“This is a book about a trial lawyer written by a trial lawyer. Bostwick has written a book so realistic that, until the jury renders its verdict, you do not know whether you are headed to a happy ending or a crushing defeat.” – Dennis Suplee
Nationally recognized attorney Dennis Suplee of Schnader Harrison Segal & Lewis, LLP, wrote a review of Acts of Omission through a legal lens for The Philadelphia Lawyer, the Philadelphia Bar Association’s quarterly magazine. The magazine provides information on the practice areas of the law, lifestyles, technology, fiction, book reviews and other topics of interest to Philadelphia lawyers.
To protect the reader from learning too much and spoiling the story, Suplee shared information in the review that the reader would learn in the first 15 pages of the book. According to Suplee, “The book is so realistic that it is easy to lose sight of the fact that it is a work of fiction.” He explains that unlike other books in the “legal thriller” genre, Acts of Omission is not about a criminal defense lawyer handling a criminal case. He explains, “Instead, this book is about a plaintiff’s personal injury lawyer handling a catastrophic injury case in which liability is very dicey.”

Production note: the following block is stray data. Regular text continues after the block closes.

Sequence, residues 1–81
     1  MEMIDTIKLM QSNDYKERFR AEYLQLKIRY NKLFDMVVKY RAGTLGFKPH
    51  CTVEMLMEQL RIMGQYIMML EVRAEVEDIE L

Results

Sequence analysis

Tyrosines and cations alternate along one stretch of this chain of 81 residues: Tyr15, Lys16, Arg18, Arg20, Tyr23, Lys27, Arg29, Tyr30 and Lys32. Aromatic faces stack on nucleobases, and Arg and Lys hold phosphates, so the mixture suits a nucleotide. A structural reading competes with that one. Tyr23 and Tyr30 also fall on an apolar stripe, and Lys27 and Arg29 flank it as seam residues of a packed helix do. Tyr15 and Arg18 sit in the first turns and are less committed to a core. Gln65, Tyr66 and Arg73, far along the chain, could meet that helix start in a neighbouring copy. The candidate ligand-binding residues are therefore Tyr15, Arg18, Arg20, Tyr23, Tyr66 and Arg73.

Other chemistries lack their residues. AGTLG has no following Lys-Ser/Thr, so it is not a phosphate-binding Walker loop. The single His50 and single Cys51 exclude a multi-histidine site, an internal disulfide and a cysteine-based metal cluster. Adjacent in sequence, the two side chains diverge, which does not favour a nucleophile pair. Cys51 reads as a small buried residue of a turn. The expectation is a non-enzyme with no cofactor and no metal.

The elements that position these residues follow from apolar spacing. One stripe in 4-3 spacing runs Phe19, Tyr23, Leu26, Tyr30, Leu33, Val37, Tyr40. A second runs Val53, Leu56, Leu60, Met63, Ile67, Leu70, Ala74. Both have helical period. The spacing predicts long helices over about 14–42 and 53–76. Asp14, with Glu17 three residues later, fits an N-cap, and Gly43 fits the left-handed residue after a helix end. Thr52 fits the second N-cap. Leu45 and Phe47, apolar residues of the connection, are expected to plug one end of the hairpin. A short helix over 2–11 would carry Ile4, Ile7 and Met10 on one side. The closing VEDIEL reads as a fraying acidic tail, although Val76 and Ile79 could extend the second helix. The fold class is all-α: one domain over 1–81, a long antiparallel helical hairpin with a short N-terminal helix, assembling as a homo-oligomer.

While Acts of Omission is fiction, the novel was inspired by a true case that the author James Bostwick tried in San Francisco in the 1980’s when he went up against one of the most famous attorneys in the country to seek justice for a devastatingly injured young man. Bostwick included elements of real litigation, characters and occurrences, depicting the difficult choices, high risk, ethical dilemmas, anguish and euphoria of everyday life for civil trial lawyers.
James Bostwick has been practicing law for over 40 years, representing catastrophically injured people across the nation. He is one of the names behind the nation’s leading law firm, Bostwick & Peterson. “Speaking of the author. James Bostwick is a blue-chip plaintiff’s personal injury lawyer from San Francisco. He has won verdicts totaling over $500 million dollars and at one point, won the largest medical malpractice jury verdict in U.S. history. He knows whereof he speaks.”
Suplee summed up the review by saying:
“The book’s excellence is reflected by its nomination for the 2020 Harper Lee Award for Legal Fiction and by the fact that it is under contract to become a movie. With the hope that I have not given away too much, I commend this one to you.”
The complete book review can be found here.